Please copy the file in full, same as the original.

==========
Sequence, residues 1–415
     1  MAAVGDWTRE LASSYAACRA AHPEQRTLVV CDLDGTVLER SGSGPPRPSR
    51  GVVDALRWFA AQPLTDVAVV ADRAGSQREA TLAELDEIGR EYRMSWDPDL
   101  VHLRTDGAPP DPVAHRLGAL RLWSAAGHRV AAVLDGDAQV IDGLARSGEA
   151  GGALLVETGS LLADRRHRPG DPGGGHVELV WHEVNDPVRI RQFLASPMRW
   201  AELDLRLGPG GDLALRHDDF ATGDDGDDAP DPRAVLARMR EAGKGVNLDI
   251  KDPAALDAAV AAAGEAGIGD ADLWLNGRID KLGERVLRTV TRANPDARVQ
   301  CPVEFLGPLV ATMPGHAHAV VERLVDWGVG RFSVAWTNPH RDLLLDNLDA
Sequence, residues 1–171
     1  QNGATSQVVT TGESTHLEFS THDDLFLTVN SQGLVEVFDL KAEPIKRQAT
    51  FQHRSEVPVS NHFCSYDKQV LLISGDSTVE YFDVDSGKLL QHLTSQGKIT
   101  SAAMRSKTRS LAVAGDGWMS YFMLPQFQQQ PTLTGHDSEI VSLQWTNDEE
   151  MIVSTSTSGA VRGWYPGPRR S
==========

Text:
Sequence, residues 1–415
     1  MAAVGDWTRE LASSYAACRA AHPEQRTLVV CDLDGTVLER SGSGPPRPSR
    51  GVVDALRWFA AQPLTDVAVV ADRAGSQREA TLAELDEIGR EYRMSWDPDL
   101  VHLRTDGAPP DPVAHRLGAL RLWSAAGHRV AAVLDGDAQV IDGLARSGEA
   151  GGALLVETGS LLADRRHRPG DPGGGHVELV WHEVNDPVRI RQFLASPMRW
   201  AELDLRLGPG GDLALRHDDF ATGDDGDDAP DPRAVLARMR EAGKGVNLDI
   251  KDPAALDAAV AAAGEAGIGD ADLWLNGRID KLGERVLRTV TRANPDARVQ
   301  CPVEFLGPLV ATMPGHAHAV VERLVDWGVG RFSVAWTNPH RDLLLDNLDA
Sequence, residues 1–171
     1  QNGATSQVVT TGESTHLEFS THDDLFLTVN SQGLVEVFDL KAEPIKRQAT
    51  FQHRSEVPVS NHFCSYDKQV LLISGDSTVE YFDVDSGKLL QHLTSQGKIT
   101  SAAMRSKTRS LAVAGDGWMS YFMLPQFQQQ PTLTGHDSEI VSLQWTNDEE
   151  MIVSTSTSGA VRGWYPGPRR S